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October 5, 2010
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Internet Technology News for Political Campaigns and Causes

  Campaigning 2.0 
  • CampaignGrid launches industry breakthrough: VideoGrid, the voter-targeted video ad network
    CampaignGrid has launched VideoGrid, the revolutionary voter-targeted video ad network. For the first time ever, political TV spots can be targeted online directly to specific registered voters with known party affiliation in precise geographical locations to follow congressional district lines, states and specific buildings or neighborhoods. To do this, Grid has mapped every registered voter in the United States to the Internet and uses party registration, voter history and demographics to target online video messages. LinkedInFacebookTwitterEmail this Story
  • Summer surge helps the GOP increase its social-media advantage
    The Republican Party's social-media advantage grew significantly this summer, spurred by an uptick in social-media support for the party in the mid-Atlantic and Great Lakes regions, a report shows. Nationally, congressional Republicans saw their Facebook fan base increase 35% between May 1 and Aug. 31, compared with 22% for Democrats. In the mid-Atlantic region, GOP candidates saw their social-media support surge 115% during that period, while Democrats increased their online fan base by less than 10%. OhMyGov! (9/23) LinkedInFacebookTwitterEmail this Story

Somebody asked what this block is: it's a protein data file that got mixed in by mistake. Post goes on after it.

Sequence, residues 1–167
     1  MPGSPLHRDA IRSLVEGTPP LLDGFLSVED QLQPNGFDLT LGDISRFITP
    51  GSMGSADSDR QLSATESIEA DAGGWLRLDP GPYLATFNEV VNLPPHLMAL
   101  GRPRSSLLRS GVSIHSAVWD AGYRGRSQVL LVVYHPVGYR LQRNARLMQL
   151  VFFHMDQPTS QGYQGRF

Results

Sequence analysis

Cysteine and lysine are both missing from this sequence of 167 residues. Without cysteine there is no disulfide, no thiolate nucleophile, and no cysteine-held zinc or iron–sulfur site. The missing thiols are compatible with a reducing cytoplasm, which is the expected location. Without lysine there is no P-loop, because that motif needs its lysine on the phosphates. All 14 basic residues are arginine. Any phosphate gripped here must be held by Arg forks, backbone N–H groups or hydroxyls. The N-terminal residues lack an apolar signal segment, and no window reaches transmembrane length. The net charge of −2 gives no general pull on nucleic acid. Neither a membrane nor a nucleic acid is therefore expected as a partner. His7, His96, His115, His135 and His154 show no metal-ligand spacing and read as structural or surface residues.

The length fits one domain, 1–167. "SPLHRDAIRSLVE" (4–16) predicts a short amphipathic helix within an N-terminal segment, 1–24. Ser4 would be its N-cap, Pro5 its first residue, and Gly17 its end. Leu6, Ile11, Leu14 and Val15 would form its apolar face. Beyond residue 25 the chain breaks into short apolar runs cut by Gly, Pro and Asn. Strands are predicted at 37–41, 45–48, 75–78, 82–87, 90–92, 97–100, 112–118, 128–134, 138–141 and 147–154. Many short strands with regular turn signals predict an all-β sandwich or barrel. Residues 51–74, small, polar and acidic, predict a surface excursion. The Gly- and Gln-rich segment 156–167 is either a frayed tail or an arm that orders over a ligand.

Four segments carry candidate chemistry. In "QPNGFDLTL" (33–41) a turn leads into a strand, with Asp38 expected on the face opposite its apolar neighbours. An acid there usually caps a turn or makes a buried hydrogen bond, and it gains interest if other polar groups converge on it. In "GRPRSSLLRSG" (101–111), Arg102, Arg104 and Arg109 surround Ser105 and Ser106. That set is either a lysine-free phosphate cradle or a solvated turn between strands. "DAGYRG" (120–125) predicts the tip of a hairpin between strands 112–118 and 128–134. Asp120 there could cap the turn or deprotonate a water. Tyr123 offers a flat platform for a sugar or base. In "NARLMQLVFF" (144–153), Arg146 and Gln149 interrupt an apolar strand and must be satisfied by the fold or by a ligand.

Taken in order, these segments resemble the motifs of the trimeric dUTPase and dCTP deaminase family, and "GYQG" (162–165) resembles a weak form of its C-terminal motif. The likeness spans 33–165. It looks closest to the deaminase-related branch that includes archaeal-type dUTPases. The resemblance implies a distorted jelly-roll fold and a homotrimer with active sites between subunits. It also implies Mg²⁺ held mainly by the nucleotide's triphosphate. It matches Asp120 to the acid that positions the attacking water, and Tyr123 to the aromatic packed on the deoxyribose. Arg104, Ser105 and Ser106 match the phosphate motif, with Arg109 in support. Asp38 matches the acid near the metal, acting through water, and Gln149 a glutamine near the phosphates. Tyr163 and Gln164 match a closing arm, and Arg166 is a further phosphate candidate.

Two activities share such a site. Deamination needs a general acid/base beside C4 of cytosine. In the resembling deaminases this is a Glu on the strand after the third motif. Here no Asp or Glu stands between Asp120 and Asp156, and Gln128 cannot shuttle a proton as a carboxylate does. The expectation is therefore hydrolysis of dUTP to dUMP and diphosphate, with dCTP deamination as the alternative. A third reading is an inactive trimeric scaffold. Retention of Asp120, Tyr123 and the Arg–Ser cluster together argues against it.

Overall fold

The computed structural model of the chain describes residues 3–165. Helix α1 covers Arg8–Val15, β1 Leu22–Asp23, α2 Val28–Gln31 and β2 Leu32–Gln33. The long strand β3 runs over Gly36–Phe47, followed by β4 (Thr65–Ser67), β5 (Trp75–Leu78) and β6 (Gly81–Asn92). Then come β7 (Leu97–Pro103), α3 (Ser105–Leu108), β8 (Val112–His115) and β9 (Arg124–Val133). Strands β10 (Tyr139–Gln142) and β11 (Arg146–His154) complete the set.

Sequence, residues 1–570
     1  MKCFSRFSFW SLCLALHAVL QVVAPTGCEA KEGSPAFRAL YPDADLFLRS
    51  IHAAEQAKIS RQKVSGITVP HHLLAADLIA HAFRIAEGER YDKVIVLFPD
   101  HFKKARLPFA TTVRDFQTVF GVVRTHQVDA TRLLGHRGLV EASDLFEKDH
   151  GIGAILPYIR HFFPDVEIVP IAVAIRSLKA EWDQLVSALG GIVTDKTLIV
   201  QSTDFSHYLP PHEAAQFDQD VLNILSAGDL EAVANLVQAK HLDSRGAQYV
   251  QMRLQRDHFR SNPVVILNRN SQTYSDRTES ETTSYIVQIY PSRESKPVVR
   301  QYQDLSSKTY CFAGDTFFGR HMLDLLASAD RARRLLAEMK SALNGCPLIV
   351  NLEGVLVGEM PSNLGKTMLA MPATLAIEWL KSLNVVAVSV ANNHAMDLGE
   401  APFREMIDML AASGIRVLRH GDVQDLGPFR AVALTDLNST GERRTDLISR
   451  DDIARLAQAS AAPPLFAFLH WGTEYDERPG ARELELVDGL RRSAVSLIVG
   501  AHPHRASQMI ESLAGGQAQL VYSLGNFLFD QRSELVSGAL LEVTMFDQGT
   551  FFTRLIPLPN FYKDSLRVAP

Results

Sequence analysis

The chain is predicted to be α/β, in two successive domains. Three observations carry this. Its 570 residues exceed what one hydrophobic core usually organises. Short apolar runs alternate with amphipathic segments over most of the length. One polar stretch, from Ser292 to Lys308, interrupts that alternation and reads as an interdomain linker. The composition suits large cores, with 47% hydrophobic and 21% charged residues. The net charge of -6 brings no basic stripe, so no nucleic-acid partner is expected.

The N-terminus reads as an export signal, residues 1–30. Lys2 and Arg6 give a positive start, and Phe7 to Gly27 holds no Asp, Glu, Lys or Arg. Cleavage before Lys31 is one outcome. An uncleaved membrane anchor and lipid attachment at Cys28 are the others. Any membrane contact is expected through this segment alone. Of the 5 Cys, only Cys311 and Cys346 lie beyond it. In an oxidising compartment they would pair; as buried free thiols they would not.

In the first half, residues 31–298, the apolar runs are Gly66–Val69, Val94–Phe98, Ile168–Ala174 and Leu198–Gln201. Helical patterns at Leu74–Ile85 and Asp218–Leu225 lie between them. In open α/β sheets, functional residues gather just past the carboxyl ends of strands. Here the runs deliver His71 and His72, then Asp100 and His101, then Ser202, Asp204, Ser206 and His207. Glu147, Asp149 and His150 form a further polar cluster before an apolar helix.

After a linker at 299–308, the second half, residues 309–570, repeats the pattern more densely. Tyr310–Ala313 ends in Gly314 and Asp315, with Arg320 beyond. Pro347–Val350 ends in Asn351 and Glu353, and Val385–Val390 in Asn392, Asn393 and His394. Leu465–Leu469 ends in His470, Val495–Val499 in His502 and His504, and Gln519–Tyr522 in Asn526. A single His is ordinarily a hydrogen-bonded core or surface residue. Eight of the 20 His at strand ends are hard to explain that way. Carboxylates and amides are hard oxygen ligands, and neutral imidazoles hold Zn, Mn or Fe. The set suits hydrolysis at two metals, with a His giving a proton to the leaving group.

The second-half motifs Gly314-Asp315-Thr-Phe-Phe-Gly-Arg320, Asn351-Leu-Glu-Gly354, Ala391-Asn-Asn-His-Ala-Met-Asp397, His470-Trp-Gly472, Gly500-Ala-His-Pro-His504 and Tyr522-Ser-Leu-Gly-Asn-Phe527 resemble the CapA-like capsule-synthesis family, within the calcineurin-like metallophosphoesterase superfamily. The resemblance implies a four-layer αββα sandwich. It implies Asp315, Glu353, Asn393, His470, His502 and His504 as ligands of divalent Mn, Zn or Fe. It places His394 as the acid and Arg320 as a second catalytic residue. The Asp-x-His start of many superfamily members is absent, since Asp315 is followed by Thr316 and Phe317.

Digital Campaigning 
  • RNC's secret weapon: a listening platform
    As battle lines harden ahead of next month's election, the Republican National Committee is preparing to put community listening and crowdsourcing at the center of its campaign strategy. "This RNC listens to folks," said Todd Herman, the RNC's chief digital strategist. "We insisted on a listening platform. It's not at all unusual for [Chairman] Michael Steele to ask me to put him in touch with a participant on our GOP.com site or on Twitter." Mashable (9/23) LinkedInFacebookTwitterEmail this Story
 
  • The reason online "weak ties" are essential to changing the world